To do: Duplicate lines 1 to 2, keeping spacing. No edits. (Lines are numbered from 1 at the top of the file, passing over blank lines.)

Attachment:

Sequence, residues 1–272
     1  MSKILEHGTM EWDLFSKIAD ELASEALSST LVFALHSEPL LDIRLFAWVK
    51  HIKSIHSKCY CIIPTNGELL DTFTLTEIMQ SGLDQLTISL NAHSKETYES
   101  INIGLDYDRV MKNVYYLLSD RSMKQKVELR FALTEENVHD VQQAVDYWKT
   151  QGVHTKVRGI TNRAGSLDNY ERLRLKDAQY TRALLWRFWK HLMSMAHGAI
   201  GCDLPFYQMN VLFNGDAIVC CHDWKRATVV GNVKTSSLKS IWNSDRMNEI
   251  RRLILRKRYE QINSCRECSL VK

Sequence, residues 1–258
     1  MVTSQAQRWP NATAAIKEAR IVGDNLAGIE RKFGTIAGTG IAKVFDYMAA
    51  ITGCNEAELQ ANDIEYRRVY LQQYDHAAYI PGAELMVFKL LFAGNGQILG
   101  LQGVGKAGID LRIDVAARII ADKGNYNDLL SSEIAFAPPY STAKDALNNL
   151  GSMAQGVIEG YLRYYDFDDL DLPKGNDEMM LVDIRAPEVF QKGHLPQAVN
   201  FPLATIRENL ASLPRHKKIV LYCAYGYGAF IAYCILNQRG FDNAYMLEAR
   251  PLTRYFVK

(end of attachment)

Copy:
Sequence, residues 1–272
     1  MSKILEHGTM EWDLFSKIAD ELASEALSST LVFALHSEPL LDIRLFAWVK